Do Nonprofits Pay Taxes in Ohio?

Unlike businesses, nonprofit organizations are entities that exist for a reason other than making a profit for their owners. Instead, nonprofit organizations are created to provide a benefit to the community, the general public, or a specific group of beneficiaries. So, the question is, do nonprofits pay taxes?

There are many different types of nonprofits, but the kind most people think of when they hear “nonprofit” is a charitable organization or religious organization, or a similar 501(c)(3) organization, so called because of the section of the tax code that exempts such entities from paying taxes if they comply with requirements. Other sections of the tax code apply to other types of nonprofits, making them tax-exempt as well.

However, just because a nonprofit may be exempt from paying taxes doesn’t mean that it is exempt from filing tax forms. Filing taxes for a nonprofit is critical to the organization maintaining its nonprofit status. If you are serving in the leadership of a nonprofit, you need to understand the organization’s tax filing obligations.

Do Nonprofits Pay Taxes?

Most nonprofits are tax-exempt, but it’s useful to understand the distinction between the two terms. “Nonprofit” describes an organization’s incorporation status under state law. “Tax-exempt” refers to whether a qualifying organization meets the requirements to be exempt from taxes under the federal Internal Revenue Code. It is possible for an organization to be organized as a nonprofit, but not to comply with IRS requirements for tax-exempt status.

Being tax-exempt allows a nonprofit to use the revenue it receives to further its stated purpose, whether that is operating a church, helping cancer survivors, nonpartisan voter registration, or running a community center. In the last ten years, hundreds of thousands of nonprofits in the United States lost their tax-exempt status for failure to file taxes, which dramatically reduced the resources available to fulfill their organization’s purpose.

What is a Nonprofit Tax Return?

Most, though not all, nonprofits are required to file an informational tax return with the IRS. This form is called IRS Form 990. There are multiple versions of this form; which version an organization is required to file depends on its gross receipts and the year of filing. If you are unsure which Form 990 your organization needs to file, speak with a tax professional.

Beyond the question, do nonprofits pay taxes, if they don’t have to pay taxes, why do nonprofits have to file a tax return? Essentially, for transparency purposes. Filing Form 990 allows the IRS to assess the operations of the organization, including its programs and finances. Nonprofits are also required to make their Form 990 available to the public for viewing; many have the form available on their websites.

What Types of Nonprofits Don’t Have to File Form 990?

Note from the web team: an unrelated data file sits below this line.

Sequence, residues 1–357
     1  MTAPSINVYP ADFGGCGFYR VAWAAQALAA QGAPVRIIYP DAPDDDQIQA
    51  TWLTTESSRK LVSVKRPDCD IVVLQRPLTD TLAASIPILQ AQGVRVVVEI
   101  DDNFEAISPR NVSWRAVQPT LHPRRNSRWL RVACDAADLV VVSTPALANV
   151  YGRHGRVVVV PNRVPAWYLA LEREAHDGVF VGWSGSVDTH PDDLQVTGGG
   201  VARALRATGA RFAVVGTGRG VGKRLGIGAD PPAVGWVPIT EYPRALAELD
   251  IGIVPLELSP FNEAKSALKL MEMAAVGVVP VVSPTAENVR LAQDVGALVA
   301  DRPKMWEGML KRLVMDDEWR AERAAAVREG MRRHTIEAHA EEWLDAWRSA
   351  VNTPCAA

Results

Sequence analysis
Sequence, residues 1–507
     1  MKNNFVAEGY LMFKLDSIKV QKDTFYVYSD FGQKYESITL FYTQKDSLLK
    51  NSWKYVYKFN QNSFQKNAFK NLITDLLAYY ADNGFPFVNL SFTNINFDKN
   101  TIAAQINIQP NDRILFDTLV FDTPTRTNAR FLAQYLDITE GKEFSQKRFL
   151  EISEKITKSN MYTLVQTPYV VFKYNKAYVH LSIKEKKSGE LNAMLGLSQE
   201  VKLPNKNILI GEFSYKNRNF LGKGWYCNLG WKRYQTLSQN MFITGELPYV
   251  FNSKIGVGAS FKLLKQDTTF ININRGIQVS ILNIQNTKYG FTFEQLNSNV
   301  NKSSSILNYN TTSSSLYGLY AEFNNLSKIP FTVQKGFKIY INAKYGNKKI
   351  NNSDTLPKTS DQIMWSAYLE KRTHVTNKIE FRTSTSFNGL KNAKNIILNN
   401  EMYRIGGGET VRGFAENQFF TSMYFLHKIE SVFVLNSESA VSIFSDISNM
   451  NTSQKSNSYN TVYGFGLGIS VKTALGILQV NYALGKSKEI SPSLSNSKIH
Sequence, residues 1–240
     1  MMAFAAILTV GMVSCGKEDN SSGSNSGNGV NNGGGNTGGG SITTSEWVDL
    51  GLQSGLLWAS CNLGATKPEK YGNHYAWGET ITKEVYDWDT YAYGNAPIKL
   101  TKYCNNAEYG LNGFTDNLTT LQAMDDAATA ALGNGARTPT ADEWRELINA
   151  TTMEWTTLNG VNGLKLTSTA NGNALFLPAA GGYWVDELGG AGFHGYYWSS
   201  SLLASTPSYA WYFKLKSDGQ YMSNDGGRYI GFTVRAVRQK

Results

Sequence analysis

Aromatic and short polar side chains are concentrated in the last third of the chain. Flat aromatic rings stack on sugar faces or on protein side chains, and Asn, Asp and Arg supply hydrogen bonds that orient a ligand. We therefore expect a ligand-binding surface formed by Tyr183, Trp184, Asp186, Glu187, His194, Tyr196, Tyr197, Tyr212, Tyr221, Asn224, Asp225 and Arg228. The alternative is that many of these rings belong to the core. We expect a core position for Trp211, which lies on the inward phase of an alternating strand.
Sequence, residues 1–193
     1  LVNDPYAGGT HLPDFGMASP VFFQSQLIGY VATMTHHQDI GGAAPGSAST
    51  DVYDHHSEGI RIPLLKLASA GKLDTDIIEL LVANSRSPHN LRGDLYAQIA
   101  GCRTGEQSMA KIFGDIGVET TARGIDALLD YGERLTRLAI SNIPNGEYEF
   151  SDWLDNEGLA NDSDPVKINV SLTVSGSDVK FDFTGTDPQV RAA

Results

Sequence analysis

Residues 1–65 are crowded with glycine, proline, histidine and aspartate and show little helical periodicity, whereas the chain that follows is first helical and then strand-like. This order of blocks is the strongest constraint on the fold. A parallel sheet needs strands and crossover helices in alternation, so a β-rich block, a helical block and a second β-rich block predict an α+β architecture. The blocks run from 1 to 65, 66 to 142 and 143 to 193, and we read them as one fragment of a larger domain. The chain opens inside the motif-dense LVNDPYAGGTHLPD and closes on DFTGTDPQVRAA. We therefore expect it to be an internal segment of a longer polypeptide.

Some categories of nonprofits are not required to file a Form 990. They include:

  • Most faith-based organizations, like churches, religious schools, and missionary groups
  • Subsidiaries of another nonprofit organization, if covered under the filing for the parent organization
  • State organizations offering essential services
  • Certain government corporations

The IRS publishes a list of organizations that are exempt from filing Form 990.

When is Form 990 Due?

That depends on the nonprofit’s taxable year. The rule is that Form 990 is due on the 15th day of the fifth month following the end of the organization’s taxable year. If your organization’s taxable year ends on September 30, your Form 990 would be due on February 15.

What Happens if a Nonprofit Fails to File a Form 990?

The IRS automatically revokes the tax-exempt status of a nonprofit that fails to file the required Form 990 for three years in a row. What’s more, there is no appeals process for these automatic revocations, which means that an organization that is unaware of its filing obligations could find itself unexpectedly stripped of its tax-exempt status with little recourse. The organization may have to re-apply for tax exempt status.

In addition to the nonprofit losing tax-exempt status, any donations to the nonprofit would no longer be tax-deductible to the donor. So, not only would the organization have to pay taxes, it might well receive fewer donations—a financial double-whammy. The ponderance of do nonprofits pay taxes could be a far fetched question under the circumstance above where the entity doesn’t file a Form 990.

What Happens if a Nonprofit Files the Wrong Form 990, or Files One with Incorrect or Missing Information?

The IRS will return the organization’s filing along with a letter requesting the missing information or missing schedule. If an organization discovers it has filed a form with incorrect information, it can amend its filing by submitting a new form including the correct information and all necessary schedules. The new form must be completed; it cannot contain only the corrected information.

The Bottom Line

Timely filing of the correct tax return with complete and accurate information is essential for your nonprofit organization to keep its tax-exempt status and can finally answer the question to the fullest… do nonprofits pay taxes. To learn more, schedule an appointment today with the accounting and tax preparation professionals at Gudorf Tax Group.